Recycling Books Digitally

If you can’t find the old sefer you are looking for at your local beit midrash, try Starbucks.

Actually, it doesn’t have to be Starbucks, unless you need a caffeine buzz to help you through a difficult text. Through the cutting-edge work of, you can now access a growing number of Torah works for free, anyplace with Wi-Fi service. With airports (Ben Gurion now, LAX at the end of the year) and even entire cities offering free wireless Internet connectivity, the day will soon be upon us when all the Torah works one could ask for will be available through the Internet, practically any place on the globe.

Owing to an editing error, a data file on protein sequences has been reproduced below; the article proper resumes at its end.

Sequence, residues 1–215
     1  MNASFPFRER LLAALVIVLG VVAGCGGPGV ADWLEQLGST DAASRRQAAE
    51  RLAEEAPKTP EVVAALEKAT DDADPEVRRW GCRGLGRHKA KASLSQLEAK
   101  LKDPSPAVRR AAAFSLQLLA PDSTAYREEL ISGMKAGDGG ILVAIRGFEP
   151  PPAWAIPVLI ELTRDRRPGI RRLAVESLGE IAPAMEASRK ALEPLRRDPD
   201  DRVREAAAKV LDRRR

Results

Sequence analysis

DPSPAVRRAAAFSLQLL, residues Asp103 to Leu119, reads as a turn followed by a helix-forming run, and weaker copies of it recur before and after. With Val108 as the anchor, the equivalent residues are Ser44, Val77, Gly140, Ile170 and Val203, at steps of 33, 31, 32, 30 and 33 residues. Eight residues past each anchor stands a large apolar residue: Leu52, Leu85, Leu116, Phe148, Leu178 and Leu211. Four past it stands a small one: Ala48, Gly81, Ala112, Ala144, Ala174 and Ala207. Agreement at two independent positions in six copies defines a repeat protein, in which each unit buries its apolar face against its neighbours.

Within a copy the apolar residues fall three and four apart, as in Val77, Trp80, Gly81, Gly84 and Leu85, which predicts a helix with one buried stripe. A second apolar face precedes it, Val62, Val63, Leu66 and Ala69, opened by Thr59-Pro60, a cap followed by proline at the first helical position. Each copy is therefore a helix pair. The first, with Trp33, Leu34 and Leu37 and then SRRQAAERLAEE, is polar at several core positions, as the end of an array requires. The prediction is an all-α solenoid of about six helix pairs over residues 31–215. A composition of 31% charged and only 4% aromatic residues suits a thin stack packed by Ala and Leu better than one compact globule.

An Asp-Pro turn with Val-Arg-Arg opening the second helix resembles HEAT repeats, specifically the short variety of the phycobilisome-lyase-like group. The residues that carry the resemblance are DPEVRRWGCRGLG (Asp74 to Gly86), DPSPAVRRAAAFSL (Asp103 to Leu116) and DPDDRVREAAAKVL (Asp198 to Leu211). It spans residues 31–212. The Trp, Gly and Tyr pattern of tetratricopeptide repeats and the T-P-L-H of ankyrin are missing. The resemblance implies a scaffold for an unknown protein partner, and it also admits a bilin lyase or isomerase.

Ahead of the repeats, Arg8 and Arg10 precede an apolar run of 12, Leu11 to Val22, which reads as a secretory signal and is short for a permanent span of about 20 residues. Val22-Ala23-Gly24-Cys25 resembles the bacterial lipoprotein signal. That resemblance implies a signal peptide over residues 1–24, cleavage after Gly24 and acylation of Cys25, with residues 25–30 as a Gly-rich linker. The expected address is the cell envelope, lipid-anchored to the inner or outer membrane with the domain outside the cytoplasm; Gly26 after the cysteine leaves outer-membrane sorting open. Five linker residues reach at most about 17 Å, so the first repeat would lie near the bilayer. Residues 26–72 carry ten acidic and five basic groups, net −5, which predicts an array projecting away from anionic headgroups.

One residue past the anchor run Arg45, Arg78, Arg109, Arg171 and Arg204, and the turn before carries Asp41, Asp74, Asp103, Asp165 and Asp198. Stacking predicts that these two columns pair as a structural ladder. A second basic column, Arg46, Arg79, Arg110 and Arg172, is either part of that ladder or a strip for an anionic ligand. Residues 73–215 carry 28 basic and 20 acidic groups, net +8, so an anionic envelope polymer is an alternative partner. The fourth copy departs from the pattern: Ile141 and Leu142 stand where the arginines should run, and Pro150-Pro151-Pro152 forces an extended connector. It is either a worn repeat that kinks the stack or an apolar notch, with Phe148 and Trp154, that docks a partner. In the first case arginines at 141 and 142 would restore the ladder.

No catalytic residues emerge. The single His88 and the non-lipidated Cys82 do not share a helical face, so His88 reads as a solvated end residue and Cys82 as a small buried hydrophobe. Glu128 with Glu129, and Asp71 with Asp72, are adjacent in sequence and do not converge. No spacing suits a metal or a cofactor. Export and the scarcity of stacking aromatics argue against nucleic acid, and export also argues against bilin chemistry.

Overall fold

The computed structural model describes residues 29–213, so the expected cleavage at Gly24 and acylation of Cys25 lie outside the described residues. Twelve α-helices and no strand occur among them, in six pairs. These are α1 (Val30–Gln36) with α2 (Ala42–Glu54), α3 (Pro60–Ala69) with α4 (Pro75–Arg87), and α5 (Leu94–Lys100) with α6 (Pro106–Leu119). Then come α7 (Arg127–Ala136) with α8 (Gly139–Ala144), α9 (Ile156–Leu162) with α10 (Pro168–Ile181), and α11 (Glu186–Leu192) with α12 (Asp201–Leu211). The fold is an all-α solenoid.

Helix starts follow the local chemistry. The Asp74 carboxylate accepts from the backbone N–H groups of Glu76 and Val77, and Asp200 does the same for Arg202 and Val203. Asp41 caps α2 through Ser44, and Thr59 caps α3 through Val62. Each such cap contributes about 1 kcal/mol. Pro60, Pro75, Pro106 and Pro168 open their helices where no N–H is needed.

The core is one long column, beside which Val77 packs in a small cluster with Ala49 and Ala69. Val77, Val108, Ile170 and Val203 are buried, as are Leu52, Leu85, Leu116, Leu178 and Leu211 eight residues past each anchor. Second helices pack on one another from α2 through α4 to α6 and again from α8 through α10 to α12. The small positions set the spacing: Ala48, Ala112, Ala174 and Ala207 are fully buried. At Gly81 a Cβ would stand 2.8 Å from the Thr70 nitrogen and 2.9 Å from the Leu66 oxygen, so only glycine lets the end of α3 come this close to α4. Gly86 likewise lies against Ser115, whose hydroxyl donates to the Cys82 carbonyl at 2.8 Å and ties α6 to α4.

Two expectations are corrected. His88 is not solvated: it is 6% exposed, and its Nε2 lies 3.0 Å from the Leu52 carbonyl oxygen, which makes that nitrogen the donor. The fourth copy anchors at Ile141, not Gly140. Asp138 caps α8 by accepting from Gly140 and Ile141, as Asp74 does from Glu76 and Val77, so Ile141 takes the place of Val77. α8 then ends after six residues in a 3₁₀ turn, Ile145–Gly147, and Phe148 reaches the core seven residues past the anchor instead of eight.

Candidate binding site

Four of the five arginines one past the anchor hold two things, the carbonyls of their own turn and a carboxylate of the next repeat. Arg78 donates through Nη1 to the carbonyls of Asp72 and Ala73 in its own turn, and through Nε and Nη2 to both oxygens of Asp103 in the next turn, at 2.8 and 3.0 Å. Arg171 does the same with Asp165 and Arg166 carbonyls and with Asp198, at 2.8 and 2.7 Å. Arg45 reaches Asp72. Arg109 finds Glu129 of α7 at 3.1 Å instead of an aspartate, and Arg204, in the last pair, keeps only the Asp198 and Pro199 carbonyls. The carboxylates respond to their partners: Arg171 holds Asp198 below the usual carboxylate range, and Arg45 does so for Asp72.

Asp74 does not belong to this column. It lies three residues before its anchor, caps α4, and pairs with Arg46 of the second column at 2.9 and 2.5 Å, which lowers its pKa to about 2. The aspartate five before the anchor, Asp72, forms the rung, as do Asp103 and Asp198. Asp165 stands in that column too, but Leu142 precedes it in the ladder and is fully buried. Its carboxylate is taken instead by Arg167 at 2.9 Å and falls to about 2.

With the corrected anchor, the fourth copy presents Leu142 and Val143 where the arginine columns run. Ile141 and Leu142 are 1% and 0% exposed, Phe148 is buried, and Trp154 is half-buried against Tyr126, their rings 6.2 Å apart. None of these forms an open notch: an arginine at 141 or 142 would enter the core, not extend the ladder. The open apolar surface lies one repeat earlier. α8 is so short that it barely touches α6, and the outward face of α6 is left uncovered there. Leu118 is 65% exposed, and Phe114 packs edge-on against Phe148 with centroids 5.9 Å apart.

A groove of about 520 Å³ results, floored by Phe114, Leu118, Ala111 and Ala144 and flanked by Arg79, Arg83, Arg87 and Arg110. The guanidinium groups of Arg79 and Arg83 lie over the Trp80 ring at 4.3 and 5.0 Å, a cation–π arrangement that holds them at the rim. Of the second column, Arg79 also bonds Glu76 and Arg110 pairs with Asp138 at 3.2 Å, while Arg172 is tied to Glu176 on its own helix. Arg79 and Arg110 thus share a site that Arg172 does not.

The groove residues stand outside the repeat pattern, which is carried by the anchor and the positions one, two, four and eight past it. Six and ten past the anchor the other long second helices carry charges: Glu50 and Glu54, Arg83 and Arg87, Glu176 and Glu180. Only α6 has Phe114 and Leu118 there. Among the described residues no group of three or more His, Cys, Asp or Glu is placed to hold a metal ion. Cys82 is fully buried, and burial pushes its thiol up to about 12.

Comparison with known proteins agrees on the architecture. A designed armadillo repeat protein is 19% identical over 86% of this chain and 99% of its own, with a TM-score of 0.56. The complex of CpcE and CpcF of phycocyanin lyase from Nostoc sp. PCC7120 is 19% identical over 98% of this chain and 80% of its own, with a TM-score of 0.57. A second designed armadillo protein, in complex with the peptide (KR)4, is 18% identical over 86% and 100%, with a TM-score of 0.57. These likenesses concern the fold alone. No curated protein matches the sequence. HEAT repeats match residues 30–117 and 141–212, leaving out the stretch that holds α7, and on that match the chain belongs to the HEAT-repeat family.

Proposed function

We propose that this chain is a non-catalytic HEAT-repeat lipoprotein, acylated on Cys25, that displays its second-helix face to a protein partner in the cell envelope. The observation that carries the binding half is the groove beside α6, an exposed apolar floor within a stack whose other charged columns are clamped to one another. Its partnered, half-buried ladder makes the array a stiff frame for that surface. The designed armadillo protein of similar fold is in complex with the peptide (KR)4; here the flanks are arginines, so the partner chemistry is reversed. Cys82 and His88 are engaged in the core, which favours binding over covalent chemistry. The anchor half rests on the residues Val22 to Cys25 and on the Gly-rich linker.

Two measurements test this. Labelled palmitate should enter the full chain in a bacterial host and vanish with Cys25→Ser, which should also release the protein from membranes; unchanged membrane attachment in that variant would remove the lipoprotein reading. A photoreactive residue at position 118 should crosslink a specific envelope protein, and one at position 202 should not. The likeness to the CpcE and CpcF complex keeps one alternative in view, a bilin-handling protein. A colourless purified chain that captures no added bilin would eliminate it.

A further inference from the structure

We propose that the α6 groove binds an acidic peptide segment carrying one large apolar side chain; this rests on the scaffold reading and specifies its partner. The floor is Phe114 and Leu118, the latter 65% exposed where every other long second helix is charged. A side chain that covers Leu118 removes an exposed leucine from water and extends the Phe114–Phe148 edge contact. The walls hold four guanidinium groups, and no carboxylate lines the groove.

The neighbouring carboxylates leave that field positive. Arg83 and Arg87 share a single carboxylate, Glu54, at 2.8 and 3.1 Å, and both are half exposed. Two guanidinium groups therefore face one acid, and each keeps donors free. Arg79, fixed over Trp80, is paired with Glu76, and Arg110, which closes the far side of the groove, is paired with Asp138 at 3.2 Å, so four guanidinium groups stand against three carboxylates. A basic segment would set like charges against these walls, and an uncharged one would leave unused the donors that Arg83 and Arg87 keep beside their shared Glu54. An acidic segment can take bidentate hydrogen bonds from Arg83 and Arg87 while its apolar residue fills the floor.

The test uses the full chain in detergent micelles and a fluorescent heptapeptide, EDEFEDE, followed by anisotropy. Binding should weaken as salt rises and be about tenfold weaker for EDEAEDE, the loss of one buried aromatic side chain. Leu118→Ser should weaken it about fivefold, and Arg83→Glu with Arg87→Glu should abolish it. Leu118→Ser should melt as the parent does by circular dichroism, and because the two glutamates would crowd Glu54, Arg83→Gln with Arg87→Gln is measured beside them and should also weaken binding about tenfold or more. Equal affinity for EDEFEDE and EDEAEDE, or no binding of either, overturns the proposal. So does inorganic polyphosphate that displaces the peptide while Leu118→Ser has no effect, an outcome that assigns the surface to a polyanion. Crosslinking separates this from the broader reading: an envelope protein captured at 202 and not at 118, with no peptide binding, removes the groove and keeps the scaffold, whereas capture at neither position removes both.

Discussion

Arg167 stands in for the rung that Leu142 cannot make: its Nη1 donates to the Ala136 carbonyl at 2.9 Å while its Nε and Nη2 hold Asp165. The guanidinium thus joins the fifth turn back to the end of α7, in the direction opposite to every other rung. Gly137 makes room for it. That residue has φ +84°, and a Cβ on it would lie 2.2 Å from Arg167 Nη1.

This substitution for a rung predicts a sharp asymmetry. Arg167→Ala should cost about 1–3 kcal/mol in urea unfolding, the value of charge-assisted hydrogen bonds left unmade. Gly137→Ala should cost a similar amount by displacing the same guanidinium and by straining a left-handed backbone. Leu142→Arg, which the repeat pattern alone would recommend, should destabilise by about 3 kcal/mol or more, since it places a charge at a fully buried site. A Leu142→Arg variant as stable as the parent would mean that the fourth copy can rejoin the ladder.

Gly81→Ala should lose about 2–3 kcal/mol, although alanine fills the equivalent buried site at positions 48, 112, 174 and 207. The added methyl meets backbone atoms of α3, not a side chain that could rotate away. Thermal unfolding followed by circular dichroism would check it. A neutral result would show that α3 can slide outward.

Chaim Rosenberg is to old books what John Muir was to the Sierra Club. Chaim (Jewish Action readers will remember him from the summer 2001 issue) labors to insure that the work of a vast number of Torah scholars will be recognized, preserved and properly utilized. He is not compensated for this, but works full-time as a supervising speech pathologist for the New York City Board of Education. His conservation work was jump-started by some soul who dumped boxes of sefarim in a shul, and to his dismay, Chaim could find no one who wanted them. It didn’t take long to learn that the authors of those works had often scrimped and saved and spent their last pennies on publishing Torah works that few people in their far-flung communities across early-twentieth-century America ever read. These books were written at a time when hardly anyone appreciated them. Without consciously willing it, Chaim became the preservationist of old Torah, first offering scores of American titles on a CD (later expanded to two) for just the cost of shipping. He later (and still does) offered one of the best bargains in Torah software: hundreds of responsa works on two DVDs, which he sells for $36. Hundreds of talmidei chachamim here and in Israel have made this an indispensable workhorse tool.